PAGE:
A Strathclyde University graduate who is revolutionising the art of storytelling for the digital age with illustrated and adapted classic ebooks for children and adults is well on the way to realising his entrepreneurial dreams, thanks to his ‘just do it’ attitude.
22 year old Craig Johnstone is the original founder of Giglets Limited, an e-books publishing company of illustrated and adapted classics for children and adults, such as William Shakespeare’s Macbeth, which are condensed into 15 minute long reads to provide modern day appeal.
The original idea for Giglets was formed by Craig and his school friends while they were in their sixth year at school in Ayrshire. They left school to set up the business and their first adaptation was of Robert Burns’ epic, Tam o’ Shanter, featuring Tam O’Haggis, a tartan bonnet wearing haggis, who like the original character, gets up to all sorts of adventures in Alloway.
They continued to run Giglets during their college and university studies and sold 7,500 books through commercial outlets, schools, local authorities and other educational institutions.
“During this period the Scottish Institute for Enterprise (SIE) were instrumental in Giglets’ success” said Craig. “When I first contacted SIE for advice I was in my ! rst or second year at university and we were in the early stages of expansion. SIE helped us improve the efficiency and operational day to day running of our business and provided invaluable opportunities to meet other student entrepreneurs. This was an important network for me at the time and I personally feel I really benefitted from these early experiences to share ideas with other student entrepreneurs who were going through the same steep learning curve that I was going through.”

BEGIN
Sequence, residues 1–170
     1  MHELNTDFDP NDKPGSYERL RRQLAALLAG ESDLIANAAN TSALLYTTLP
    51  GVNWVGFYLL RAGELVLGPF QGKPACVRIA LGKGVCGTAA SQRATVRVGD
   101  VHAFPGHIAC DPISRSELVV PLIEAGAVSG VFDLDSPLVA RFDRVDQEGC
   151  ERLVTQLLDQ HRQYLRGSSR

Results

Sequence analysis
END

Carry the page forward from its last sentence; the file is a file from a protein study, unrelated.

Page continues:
Commenting on his future plans for the business, Craig says he would like to increase the appeal of classic literature by broadening its consumer appeal.
“We are increasingly looking towards literacy and language development and ways of making classic literature appeal to the majority. By end of March 2012 we will aim to have produced 30 e-books, contributing to one percent of new literature to the Scottish publishing market, which is quite an achievement. We also want to explore avenues where English is learned as a second language and we have recently signed a contract with the Gaelic Book Council and an organisation called Storlann to put one of our ebooks into Gaelic, which they then will distribute to every pupil in Scotland receiving Gaelic education.”
Encouraging other young people to follow their entrepreneurial ambitions, Craig said, “I can’t think of anything better than being directly responsible for the success or failure of a business. The thrill of the chase is exhilarating and the challenges unique. I believe being an entrepreneur offers up opportunity and success in a form that one could not receive in the corporate world, for example.”
“Then of course there are the people — be it my team who are fantastic, the external people and organisations such as the Strathclyde Entrepreneurial Network, Liz Walsh at the Scottish Institute for Enterprise or even the school teacher and pupils I speak to help develop our products. Business is built on relationships and I thoroughly enjoy seeing how they grow and what commercial outcomes evolve from them.”
He added, “Of course, it’s not a bad thing being your own boss!”